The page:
TrueHoop: Zach Lowe
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Darren Collison and Marcus Thornton are some of the most productive lower draft picks ever. Do they get playing time because they're so productive, or are they so productive because they get playing time?
As I've mentioned, I've been stepping up my Twitter game, for better or worse.
Honestly, I'm digging it. It's a place where smart people debate hoops around the clock. It reminds me a little of the early days of the TrueHoop comments, when the vibe was a little like the bar scene in "Cheers." (Sometimes these days, the commenting vibe all over the web is a tad more "Rambo.")
But last night, for the first time in the last several-hundred tweets, I really chafed at that 140-character limit. Basically, I couldn't figure out how to make my point that quickly without acting like a jerk.
Thankfully, ink is free on TrueHoop and now I can explain a little better.
Zach Lowe (he of CelticsHub fame) wrote a great story for The New York Times' blog making a case that, relative to draft position, the Hornets' rookies Darren Collison and Marcus Thornton are among the most productive picks ever.
The Times' Howard Beck tweeted about that, and my initial response, by Twitter, however, was that those guys have something amazing that most lower picks do not: A coach who is really motivated to make them look good. After Byron Scott was fired, Jeff Bower became not just the guy who picked those players, but also the one who hands out the playing time. That's a powerful combination.
Now, let me be clear: the players have done the work, and earned all that time. Collison and Thornton have earned everything they have -- any team would love to have those guys. What's impossible to say is how many other players picked late in the draft have also done that work and would also be fantastic with the kind of coach's support, and minutes, that those two enjoy. They got an opportunity a lot of players don't get, especially those drafted outside the lottery.
Lowe is right to call them some of the most productive rookies drafted that late. But a wholly different thing is to call them the best players drafted that late, because without a coach's support and playing time, it's almost impossible to tell what most late-drafted players would have done.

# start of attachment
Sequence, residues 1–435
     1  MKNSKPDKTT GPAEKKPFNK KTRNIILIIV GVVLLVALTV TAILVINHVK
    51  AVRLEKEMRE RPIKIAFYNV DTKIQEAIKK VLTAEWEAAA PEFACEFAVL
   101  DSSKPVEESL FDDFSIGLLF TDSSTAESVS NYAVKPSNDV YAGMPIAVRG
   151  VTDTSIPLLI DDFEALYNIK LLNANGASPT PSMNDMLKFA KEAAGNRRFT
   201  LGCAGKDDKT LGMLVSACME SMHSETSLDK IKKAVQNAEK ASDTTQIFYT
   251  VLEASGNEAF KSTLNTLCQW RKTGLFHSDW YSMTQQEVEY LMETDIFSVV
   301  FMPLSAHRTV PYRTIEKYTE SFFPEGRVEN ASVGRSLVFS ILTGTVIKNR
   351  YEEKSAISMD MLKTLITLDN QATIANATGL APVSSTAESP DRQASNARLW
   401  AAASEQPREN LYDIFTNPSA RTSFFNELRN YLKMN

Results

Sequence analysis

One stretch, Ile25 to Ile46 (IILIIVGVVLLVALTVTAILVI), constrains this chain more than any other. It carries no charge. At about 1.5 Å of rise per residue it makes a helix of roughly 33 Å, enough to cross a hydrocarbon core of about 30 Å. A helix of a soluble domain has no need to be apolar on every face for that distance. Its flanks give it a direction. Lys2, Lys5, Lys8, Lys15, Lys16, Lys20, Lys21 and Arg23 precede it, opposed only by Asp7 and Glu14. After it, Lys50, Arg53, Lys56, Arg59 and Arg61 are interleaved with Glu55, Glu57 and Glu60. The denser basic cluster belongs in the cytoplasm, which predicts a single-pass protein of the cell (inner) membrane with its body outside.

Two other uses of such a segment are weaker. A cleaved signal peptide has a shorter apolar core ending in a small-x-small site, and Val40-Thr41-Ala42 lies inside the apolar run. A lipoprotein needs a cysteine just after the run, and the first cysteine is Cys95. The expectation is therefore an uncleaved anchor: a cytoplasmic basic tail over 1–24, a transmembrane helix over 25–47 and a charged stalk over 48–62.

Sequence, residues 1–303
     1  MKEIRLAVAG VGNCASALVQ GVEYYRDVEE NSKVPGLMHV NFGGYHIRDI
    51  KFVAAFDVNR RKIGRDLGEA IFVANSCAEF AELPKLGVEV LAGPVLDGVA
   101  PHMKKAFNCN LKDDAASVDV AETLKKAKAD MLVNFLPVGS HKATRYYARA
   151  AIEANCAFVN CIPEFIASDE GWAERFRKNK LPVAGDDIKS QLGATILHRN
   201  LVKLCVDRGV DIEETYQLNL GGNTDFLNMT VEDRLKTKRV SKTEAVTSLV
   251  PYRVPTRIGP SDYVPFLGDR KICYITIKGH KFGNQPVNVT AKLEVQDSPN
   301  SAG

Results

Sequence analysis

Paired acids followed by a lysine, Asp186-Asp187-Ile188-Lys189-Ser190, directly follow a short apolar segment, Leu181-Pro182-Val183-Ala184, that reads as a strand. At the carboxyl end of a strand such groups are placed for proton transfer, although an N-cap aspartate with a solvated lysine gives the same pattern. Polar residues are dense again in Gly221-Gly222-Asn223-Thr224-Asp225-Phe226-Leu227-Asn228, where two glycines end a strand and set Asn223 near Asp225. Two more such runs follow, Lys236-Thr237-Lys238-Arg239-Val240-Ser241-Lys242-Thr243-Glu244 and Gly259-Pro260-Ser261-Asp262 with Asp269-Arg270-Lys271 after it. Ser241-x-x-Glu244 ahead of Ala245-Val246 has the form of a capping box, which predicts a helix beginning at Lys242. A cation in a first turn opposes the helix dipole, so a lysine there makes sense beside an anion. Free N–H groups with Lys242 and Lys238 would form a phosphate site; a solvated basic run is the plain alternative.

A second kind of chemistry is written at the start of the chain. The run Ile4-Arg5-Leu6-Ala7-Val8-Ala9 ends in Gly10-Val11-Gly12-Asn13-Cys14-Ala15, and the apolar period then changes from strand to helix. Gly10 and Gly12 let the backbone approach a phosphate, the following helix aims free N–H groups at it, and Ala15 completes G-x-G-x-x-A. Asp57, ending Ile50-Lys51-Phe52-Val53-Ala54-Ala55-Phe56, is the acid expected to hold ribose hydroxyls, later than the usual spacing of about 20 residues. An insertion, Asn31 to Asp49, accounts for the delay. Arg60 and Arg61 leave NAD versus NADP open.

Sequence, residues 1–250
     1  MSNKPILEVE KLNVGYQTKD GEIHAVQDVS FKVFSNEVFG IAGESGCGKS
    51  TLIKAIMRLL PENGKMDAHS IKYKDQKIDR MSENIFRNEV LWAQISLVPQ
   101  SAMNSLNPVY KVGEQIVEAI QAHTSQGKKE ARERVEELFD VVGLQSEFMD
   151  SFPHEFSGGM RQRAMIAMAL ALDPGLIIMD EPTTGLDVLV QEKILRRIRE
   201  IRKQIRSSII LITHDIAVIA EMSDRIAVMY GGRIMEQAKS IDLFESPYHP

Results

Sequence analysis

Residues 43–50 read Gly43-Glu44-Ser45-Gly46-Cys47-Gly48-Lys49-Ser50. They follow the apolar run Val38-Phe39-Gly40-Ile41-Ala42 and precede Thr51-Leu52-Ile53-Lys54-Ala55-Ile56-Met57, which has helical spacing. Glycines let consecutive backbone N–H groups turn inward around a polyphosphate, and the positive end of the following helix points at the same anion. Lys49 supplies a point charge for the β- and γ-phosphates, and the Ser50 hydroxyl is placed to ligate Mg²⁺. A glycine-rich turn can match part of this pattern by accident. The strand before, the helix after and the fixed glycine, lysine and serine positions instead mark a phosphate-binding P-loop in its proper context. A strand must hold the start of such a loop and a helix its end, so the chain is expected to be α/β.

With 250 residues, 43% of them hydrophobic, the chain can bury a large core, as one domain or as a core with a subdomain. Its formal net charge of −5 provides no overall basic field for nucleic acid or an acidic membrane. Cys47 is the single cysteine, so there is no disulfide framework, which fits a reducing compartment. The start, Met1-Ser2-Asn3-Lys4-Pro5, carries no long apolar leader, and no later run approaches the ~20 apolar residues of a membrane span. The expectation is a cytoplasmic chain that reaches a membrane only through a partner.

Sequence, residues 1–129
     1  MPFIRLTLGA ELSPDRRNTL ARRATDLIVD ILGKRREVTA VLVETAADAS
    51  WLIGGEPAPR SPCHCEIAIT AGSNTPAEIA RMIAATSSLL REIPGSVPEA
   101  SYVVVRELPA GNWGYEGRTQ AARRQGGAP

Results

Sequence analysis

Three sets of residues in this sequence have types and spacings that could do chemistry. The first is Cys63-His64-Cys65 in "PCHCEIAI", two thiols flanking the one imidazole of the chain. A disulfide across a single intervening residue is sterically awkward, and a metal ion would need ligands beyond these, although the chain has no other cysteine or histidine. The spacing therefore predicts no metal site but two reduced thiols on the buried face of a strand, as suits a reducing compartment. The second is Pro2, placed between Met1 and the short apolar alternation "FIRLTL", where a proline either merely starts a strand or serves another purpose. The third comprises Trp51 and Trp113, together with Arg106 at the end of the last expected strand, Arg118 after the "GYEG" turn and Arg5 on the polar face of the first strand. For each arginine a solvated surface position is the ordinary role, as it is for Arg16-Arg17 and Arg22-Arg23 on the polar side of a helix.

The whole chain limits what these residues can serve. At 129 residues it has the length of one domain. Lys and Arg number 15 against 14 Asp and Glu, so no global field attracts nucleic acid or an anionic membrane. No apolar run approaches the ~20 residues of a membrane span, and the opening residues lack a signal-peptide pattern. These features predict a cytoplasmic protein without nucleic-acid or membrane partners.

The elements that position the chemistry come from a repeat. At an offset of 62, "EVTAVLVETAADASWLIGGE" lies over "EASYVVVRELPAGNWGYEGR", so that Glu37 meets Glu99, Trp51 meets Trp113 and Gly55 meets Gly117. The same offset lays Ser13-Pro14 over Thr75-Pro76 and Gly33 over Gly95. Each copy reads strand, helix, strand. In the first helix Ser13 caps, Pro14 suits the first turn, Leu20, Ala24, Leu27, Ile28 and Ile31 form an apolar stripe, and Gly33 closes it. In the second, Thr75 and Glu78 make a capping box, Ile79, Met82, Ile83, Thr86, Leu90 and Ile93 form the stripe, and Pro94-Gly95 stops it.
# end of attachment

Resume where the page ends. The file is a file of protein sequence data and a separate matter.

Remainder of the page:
Beck replied that he thinks, by and large, players get the playing time they deserve. It seems like a pretty simple thing, though, really. Players who produce get time, and players who don't produce sit. Some other tweeters jumped in and pretty much accused me of disrespecting those Hornet rookies, which is the last thing I'd want to do.
If I agreed with Beck's assertion, though, this is something I'd be able to discuss meaningfully in 140 characters.
But player development experts I've talked to at length are unanimous that one of the best things one can possibly do to help a rookie's career is to bless him with the confidence of a supportive coaching staff and minutes to get used to the NBA game -- and very few players get that. Just a week ago an elite player development coach told me that every single player in the NBA can play, and it's really just a matter of opportunities and coaching and the team.
David Thorpe has been making similar points for years. He talks all the time about "the royal jelly." Literally, that's what worker bees feed a chosen baby bee to make her the queen. But it's also, says Thorpe, what coaches and others can feed players to help them achieve their potential. A lot of it has to do with building confidence. Throughout his career, Thorpe has been accused of hyping up his players up and giving them big heads, to which he replies, jokingly, "guilty!" Thorpe is convinced that "the royal jelly" can and has fundamentally changed the careers of countless players. The gold standard of helping a player evolve, he says, starts with playing time.
"Playing time is the first part," says Thorpe. "A coach's support is another thing -- it helps you grow as a player if you know you're not going to get yanked the first time you miss a shot. That gives you the confidence to be creative and expand your game. And then the final aspect of the ideal set-up is coaching you up on the new things you're adding to your game. A great recent example of this was Trevor Ariza with the Lakers last season. In the spring, everyone was wondering why they'd let him shoot all those 3s. It wasn't productive. But they needed him to be able to do that, they let him do that, they didn't yank him for doing that, and they coached him how to do that better. And in the playoffs he was amazing at that and helped them win a championship."
It's almost a joke. There are, almost literally, a million blogs about the Boston Celtics. That team, for whatever reason, has been very well covered by the blogosphere since the outset. The big daddy has long been CelticsBlog, but from PerkisaBeast to Red's Army, the bench is deep and talented.
The TrueHoop Network needed a blog in Boston, so we read them all, and were pleased.
But in all that research, we (by we I mean mostly Kevin Arnovitz) also came across a collection of great writers who loved the Celtics, but for whatever reason weren't writing about them regularly. So we floated the idea. How about starting ... that's right ... another blog about the Celtics?
And they did. The GM/point guard of the team is Bryan Roy, but he's getting great contributions from Zach Lowe and Brian Robb, and there is talk that the team could grow from there.
Celtics Hub is already keeping on top of breaking news, delivering analysis, and even doing some heavy lifting, for instance, by going through the archives to isolate the finest clutch performances of Paul Pierce's recent career.
It's a new team with a lot of promise, and I couldn't be happier to have them as part of the TrueHoop Network.
Welcome, Celtics Hub.